Saturday, March 19, 2016

College Funding Reaches a Critical Stage in D.C.


It’s not a newsflash that college costs have spiraled out of control.  Many colleges expect students or parents to borrow huge amounts of money to finance their education.  For RISE’s low-income students, funding for college has been manageable recently but may reach a crisis state before long. 

Pell Grants are still worth less than $6,000 per year for RISE’s students.  Isolated scholarships are available, but they are usually just a few thousand dollars each and only available to students with high GPA’s or test scores.  About fifteen years ago the DC CollegeSuccess Foundation was launched to help students in Wards 7 and 8 pay for college.  The Office of the State Superintendent of Education (OSSE) had audited the population in Wards 7 and 8 and found that, on average, only 3% of each public school graduating class was finishing college.  Funded largely by the Bill and Melinda Gates Foundation, the “Double the Numbers” Initiative of the DC College Success Foundation has had the intention of doubling the number of students graduating from college.

The initiative has largely succeeded, although RISE believes the numbers could be much higher still.  I write more about this here.  The game changer for low-income students was the DC Achievers Scholarship program run by the DC College Success Foundation.  The program is open to high school students in Wards 7 and 8 and has provided approximately $10,000 in grant money for each year of college for approximately sixty students at each of six high schools for the last ten years.  With the DC TAG program also available, enabling D.C. students to essentially get the in-state tuition rate at any public university in the country, college became eminently affordable to the lucky recipients.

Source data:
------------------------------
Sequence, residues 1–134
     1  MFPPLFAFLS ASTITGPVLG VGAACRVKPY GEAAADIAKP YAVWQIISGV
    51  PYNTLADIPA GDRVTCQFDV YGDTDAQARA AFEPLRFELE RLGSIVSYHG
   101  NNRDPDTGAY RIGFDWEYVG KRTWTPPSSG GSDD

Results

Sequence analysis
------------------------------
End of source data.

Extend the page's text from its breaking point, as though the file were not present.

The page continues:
The Achievers program, however, is ending.  Ward 7 and Ward 8 students now face a specter of the near impossibility of funding for four-year college other than the local and much maligned University of the District of Columbia, whose struggles were the impetus for DC TAG.  As of yet, neither  OSSE nor District of Columbia Public Schools (DCPS) have yet to announce any measure for the Classes of 2018 and beyond.

The DC Council had floated the idea of a $70,000 scholarship program for students, but that bill stalled.  Any college scholarship program administrator will tell you it is incredibly expensive to run and maintain such a program.  Not only the scholarships need to be dispensed, but students need training for college, help with logistics, and counseling.   

RISE’s College Prep program helps students with academic preparation, college choices, logistics with financial aid paperwork and enrollment, and college visits.  But RISE cannot bridge the looming funding gap that threatens to return Ward 7 and 8 students back to a distinct disadvantage in college admissions.


As we transition into the post-Achievers era, you can be sure RISE will be dialoguing with DCPS and City Council regarding this critical situation.  Our mission is not one of political advocacy, so anyone interested in this issue is encouraged to dialogue as well.

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